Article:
Why Federal Agencies Need Artificial Intelligence Based Security

And Three Key Security Questions Every Agency Should Ask


Federal agencies face many of the same cybersecurity challenges as private-sector organizations. These include malware, phishing emails used to spread malware or steal credentials, and distributed denial of service (DDOS) attacks that can be generated by malware-infected systems elsewhere.

Agencies also must deal with issues that businesses typically will not encounter, however, and those issues require a new approach to protecting data assets. For example, many agencies need to protect themselves against nation state actors who are specifically targeting them with malware built solely for that purpose, and nation states continue to recruit highly skilled people who are dedicated to carrying out attacks.

Another distinct challenge federal agencies face is the presence of air-gapped networks. Some government organizations with high security requirements run air-gapped networks, which are completely disconnected from the Internet. They do this as a precautionary measure to isolate their networks and the systems connected to them from Internet-based threats. The lack of connectivity renders traditional security products far less useful and effective for the agencies that have air-gapped networks in place. Government agencies would have to manually provide the updates at the endpoints for protection against new malware in air-gapped environments, which is not practical when traditional anti-malware solutions require multiple signature updates in a single day.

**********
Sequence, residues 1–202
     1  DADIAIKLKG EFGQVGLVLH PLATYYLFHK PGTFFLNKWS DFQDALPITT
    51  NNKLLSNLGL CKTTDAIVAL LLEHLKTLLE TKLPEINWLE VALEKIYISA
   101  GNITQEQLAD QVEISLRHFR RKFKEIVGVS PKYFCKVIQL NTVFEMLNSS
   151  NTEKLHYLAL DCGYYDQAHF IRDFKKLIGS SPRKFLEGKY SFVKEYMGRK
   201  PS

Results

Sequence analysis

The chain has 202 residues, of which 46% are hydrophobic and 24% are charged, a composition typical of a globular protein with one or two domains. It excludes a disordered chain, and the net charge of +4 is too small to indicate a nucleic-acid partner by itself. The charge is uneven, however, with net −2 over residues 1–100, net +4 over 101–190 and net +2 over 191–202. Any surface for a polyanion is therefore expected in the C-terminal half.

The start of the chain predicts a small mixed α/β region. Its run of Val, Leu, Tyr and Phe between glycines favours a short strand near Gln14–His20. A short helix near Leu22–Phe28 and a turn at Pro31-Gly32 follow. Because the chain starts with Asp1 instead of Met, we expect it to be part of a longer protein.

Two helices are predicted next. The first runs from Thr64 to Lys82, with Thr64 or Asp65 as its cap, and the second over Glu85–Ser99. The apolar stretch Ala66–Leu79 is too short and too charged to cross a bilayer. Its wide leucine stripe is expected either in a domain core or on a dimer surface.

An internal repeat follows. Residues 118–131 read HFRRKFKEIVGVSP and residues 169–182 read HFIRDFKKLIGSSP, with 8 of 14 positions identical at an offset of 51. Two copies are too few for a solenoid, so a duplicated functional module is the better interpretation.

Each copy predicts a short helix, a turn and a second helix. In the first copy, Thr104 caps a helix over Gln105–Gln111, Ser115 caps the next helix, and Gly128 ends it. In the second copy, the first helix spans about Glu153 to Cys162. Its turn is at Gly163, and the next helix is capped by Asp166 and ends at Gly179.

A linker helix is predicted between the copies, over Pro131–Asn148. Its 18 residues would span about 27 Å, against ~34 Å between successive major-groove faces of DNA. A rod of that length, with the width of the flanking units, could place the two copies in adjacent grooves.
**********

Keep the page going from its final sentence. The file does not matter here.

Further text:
Moreover, federal agencies face an ever-growing volume of signature files generated by anti-malware products. Many agencies operate networks with many systems connected, and the distribution of signature file updates to all these systems several times a day can consume considerable network capacity, especially given how large the signature files often are.

Artificial Intelligence and Machine Learning

A better approach to federal security involves the strategy of predicting and preventing—as opposed to merely detecting and responding to—the various types of malware (Read more...)

This is a Security Bloggers Network syndicated blog post authored by The Cylance Team. Read the original post at: Cylance Blog